Linked by Thom Holwerda on Mon 25th Oct 2010 19:00 UTC, submitted by sjvn
Ubuntu, Kubuntu, Xubuntu Well, this is sure to raise a few eyebrows here and there. Today, at the Ubuntu Developer Summit, Mark Shuttleworth held his keynote speech, and in it, he announced that Ubuntu will switch to the Unity user interface come release, for both the netbook as well as the desktop, leaving the GNOME user interface behind (but keeping the GNOME platform).
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Mechanism not policy.
by sorpigal on Thu 28th Oct 2010 12:05 UTC
sorpigal
Member since:
2005-11-02

This whole debate is, I feel, missing the point. Having seen GNOME Shell and Unity I can see no reason why these things need to be mutually exclusive.

What happened to the old rule "Mechanism not policy"? At every stage of building software each piece should strive for mechanism and not policy. Policy should be a simple configuration choice pushed as far toward the user as possible. Sometimes the distribution will make a choice for the user, which the user is permitted to change, but never should the developer make a choice for the distribution when doing so is not required.

Unity and Shell are not necessarily technologically incompatible. It seems obvious to me that if there are these two competing ideas for what the GNOME desktop interaction should be like the parties involved should work together to make sure that the cosmetic UI part is absolutely the only thing that's different. Implement Shell and Unity atop a common core and allow the user to edit a config file to switch between them or, better, to pick and choose which bits of each will apply.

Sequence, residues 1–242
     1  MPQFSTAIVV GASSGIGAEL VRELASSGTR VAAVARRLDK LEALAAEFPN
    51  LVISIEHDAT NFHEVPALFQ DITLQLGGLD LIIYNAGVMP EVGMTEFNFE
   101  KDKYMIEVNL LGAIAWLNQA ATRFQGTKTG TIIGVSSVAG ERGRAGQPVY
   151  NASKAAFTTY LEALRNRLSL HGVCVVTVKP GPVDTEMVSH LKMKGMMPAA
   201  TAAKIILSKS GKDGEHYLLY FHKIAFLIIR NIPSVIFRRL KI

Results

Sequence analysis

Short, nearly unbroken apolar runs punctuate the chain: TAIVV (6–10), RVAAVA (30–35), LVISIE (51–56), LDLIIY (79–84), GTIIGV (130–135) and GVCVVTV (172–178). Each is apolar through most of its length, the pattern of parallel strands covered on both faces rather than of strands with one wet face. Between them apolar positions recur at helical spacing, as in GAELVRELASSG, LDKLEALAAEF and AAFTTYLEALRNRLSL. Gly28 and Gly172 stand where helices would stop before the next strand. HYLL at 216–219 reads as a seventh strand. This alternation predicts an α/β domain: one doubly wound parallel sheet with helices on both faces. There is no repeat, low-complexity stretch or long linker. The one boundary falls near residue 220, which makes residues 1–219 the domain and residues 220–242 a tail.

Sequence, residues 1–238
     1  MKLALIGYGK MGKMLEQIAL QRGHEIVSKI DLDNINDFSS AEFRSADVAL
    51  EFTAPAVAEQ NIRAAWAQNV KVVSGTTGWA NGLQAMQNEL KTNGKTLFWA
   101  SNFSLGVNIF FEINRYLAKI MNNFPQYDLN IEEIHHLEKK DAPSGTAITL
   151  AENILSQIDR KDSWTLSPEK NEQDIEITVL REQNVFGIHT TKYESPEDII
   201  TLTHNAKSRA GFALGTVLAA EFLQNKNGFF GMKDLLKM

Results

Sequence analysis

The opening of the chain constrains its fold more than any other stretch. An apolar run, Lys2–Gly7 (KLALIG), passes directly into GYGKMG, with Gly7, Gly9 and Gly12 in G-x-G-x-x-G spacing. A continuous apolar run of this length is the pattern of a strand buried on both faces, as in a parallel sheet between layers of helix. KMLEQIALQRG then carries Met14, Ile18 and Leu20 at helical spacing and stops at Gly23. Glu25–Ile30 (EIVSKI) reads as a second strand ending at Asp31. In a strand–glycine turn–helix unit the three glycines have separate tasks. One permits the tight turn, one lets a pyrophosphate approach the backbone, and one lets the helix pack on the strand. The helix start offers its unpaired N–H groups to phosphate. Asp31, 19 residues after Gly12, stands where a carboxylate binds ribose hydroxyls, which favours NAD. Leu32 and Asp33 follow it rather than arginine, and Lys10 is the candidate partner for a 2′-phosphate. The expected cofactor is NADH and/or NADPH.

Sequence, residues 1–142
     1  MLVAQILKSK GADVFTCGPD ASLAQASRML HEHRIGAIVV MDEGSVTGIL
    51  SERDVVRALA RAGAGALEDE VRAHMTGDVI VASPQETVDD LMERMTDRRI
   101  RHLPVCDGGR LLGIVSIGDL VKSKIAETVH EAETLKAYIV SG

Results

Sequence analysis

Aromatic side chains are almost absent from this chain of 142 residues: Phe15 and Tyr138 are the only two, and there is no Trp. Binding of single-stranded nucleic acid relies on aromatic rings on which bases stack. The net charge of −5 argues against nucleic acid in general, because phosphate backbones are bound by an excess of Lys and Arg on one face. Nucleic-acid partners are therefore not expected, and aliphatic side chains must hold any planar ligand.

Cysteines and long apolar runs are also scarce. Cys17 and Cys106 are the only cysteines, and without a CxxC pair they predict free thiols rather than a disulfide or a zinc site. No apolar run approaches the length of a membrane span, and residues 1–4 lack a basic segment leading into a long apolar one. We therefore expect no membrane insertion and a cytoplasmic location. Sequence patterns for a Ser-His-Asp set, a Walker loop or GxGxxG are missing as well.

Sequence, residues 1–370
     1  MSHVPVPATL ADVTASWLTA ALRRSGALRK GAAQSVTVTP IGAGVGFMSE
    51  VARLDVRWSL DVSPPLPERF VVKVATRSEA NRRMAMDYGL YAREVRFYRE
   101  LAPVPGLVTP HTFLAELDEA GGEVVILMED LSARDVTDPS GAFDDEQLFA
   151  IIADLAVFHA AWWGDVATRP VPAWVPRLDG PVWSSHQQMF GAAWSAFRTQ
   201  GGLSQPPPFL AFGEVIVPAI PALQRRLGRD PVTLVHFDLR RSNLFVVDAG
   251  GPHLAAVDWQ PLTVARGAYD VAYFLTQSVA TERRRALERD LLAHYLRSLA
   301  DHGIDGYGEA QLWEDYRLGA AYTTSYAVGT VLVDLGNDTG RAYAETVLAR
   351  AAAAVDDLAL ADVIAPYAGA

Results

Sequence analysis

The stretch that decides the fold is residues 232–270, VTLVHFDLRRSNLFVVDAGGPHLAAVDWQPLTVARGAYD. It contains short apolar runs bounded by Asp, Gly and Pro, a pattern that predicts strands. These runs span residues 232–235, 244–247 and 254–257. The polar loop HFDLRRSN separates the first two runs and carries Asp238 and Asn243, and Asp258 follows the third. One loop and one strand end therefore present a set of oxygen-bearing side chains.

There should be no fight here. I hate to sound like a KDE partisan, which I am not even if I am down on GNOME, but in the KDE world this would never happen. They excel at building shared infrastructure and refactoring. Could Plasma be used to replicate Unity and GNOME Shell? My hunch is that you could get a large part of the way there with little or no change to the common core. If KDE can do it, why can't GNOME?

Why must there necessarily be this divide between Unity and "The rest of the GNOME project" where the two camps make political war on each other? Come together, build your infrastructure, then Ubuntu can toggle on all of the Unity options and Fedora can toggle on all of the Shell options and I, as the user, can decide what I like and what to change.

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